Wong Plays with Absurd Ideas
Visiting architect Dong-Ping Wong talks about his unique approach with both undergraduate and graduate students.
The walls of Family New York’s floating + POOL would act like a giant Brita filter, cleaning half a million gallons of water per day in the city’s East River.
Architect Dong-Ping Wong knows how to have fun. When he visited RISD’s Architecture department to speak on November 30, the San Diego native shared with students the importance of finding joy in their work.
“The field of architecture could be a lot funnier,” says Wong, who’s now based in NYC. “I find that incredible but absurdly impossible ideas make me giggle.”
As co-principal with Oana Stanesco of the “environmental design firm” Family New York (in Manhattan’s Chinatown), Wong straddles the worlds of “serious” architecture and pop culture with high-profile projects including over-the-top stage designs for pop star Kanye West. The traveling set for West’s 2013 Yeezus tour featured a giant LED sun, a tractor beam that seemingly lifted the performer off the stage and an enormous moveable mountain. Describing West as “the hungriest person I’ve ever met,” Wong says that working with him is incredibly inspiring.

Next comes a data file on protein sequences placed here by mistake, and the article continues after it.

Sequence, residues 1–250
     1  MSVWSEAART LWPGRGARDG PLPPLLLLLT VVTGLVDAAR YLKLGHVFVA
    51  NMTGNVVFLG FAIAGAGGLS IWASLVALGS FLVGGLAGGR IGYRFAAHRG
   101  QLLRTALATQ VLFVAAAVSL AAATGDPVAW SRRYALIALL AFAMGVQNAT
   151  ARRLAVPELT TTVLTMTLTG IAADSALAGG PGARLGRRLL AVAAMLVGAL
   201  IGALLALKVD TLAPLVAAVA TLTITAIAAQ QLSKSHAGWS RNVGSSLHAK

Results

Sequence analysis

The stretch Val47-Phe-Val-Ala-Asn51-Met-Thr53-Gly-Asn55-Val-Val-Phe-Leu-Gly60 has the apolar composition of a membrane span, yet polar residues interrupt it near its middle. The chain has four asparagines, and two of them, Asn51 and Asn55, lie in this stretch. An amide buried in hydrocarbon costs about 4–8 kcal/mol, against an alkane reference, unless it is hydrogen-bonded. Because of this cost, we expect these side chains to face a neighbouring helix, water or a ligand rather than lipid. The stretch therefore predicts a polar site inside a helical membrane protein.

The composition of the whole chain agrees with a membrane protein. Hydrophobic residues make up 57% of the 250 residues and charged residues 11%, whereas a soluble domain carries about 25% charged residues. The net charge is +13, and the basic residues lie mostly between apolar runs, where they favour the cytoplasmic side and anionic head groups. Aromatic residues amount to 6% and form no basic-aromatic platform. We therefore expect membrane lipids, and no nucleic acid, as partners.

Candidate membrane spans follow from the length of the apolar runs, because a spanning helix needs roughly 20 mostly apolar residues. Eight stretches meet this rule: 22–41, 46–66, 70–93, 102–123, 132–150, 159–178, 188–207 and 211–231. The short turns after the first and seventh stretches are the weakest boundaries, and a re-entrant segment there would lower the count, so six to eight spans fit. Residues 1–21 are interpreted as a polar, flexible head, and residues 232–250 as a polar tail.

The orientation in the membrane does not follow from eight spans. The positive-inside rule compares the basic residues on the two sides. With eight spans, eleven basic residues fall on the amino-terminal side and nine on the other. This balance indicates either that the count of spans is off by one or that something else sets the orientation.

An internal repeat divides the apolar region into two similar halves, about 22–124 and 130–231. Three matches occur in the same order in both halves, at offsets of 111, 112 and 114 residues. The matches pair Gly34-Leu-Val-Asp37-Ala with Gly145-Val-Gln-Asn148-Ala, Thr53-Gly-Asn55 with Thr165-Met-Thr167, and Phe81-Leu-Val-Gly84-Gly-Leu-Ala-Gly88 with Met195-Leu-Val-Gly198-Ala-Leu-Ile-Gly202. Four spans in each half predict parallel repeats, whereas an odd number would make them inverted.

Since the recession hit in 2008 Wong has been concentrating on civic-minded, publicly funded projects that are focused on productivity and “making a positive impact on the larger world.” One such project, the + POOL, has catapulted Family New York into the spotlight and taken most of Wong’s time since 2010.
The floating, plus-shaped pool would actually clean half a million gallons of water per day in NYC’s East River—“kind of like a giant Brita filter,” Wong explains. The layered filtration system incrementally removes bacteria and contaminants to ensure that the pool is filled with nothing but clean, unchlorinated, swimmable water that meets both city and state standards.
Wong launched a nonprofit to execute the project in part to keep the pool public and avoid the temptation to partner with commercial, private investors. His team has raised more than $300,000 via Kickstarter to fund testing, and he hopes to actually build the pool in 2021 (after obtaining a boatload of necessary permissions from the Department of Health and galvanizing the new legislation that will be required) for a total cost of about $21 million.
Architecture Professor Anne Tate praised Wong’s unique approach, and asked how he capitalizes on changing technology and societal norms to initiate such unorthodox public projects.
“The timing was critical,” says Wong. “We could not have launched this project 10 or even five years earlier than we did. Architects are generally good at responding to problems and working within constraints,” he adds, “but this project began with an absurd idea and basically reversed the direction of the steps taken in a standard architecture project.”
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